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The Radical Plasticity Thesis: How we learn to be conscious

Final Report Summary - RADICAL (The Radical Plasticity Thesis: How we learn to be conscious)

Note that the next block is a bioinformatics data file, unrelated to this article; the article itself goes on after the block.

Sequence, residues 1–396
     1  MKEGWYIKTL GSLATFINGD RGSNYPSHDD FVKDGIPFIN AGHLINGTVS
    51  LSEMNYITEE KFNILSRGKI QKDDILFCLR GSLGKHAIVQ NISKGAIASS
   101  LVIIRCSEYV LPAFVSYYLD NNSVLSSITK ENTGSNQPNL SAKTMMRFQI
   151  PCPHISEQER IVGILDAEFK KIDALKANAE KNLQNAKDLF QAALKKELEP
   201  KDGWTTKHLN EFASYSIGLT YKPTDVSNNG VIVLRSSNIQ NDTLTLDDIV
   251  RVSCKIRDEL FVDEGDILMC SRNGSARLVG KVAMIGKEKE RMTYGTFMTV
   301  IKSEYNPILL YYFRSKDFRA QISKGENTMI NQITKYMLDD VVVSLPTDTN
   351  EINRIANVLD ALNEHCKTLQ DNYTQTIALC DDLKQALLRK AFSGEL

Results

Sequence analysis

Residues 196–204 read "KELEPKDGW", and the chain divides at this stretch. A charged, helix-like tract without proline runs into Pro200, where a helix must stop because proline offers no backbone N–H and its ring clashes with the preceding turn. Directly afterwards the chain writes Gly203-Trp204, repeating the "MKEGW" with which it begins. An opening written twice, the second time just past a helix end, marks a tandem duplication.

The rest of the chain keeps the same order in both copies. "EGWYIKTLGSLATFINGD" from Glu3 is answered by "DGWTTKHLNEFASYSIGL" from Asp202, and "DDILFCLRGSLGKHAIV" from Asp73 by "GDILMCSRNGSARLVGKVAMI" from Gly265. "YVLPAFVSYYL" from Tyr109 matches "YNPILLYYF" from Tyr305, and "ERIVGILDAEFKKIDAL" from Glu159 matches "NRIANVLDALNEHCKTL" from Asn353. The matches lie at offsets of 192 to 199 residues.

Consciousness — what it feels like to have experiences — is undoubtedly one of the most important scientific problems today. The main goal of RADICAL was to develop a novel theory of consciousness that takes it as a starting point that consciousness is something that the brain learns to do. By this account, the brain continuously and unconsciously learns to redescribe its own activity to itself, so developing systems of metarepresentations that characterize and qualify their target representations. Such redescriptions form the basis of conscious experience, and also subtend successful control of action. From this perspective, consciousness amounts to “signal detection on the mind”; it is the brain’s (non-conceptual, embodied, implicit) theory about itself. In a sense thus, this is the enactive perspective, but turned both inwards and further outwards. By this hypothesis, now dubbed the “Self-organizing metarepresentational account (SOMA), consciousness critically depends on a cognitive system’s ability to learn about (1) the effects of its actions on the environment, (2) the effects of its actions on other agents, and on (3) the effects of activity in one cerebral region on other cerebral regions. On this view, the extent to which a representation is conscious depends in a graded manner on (1) properties such as its stability in time, its strength, and its distinctiveness and on (2) the existence of metarepresentations that redescribe the system’s representations to itself. Crucially, these properties accrue as a result of learning and plasticity processes, which are in turn viewed as mandatory processes that always accompany information processing. Thus, the core idea is that a cognitive system becomes a conscious cognitive system in virtue of its ability to continuously learn to represent (and hence, predict) the consequences of its own activity. To explore this hypothesis, RADICAL carried out about 20 different experiments aimed at documenting different aspects of the theory.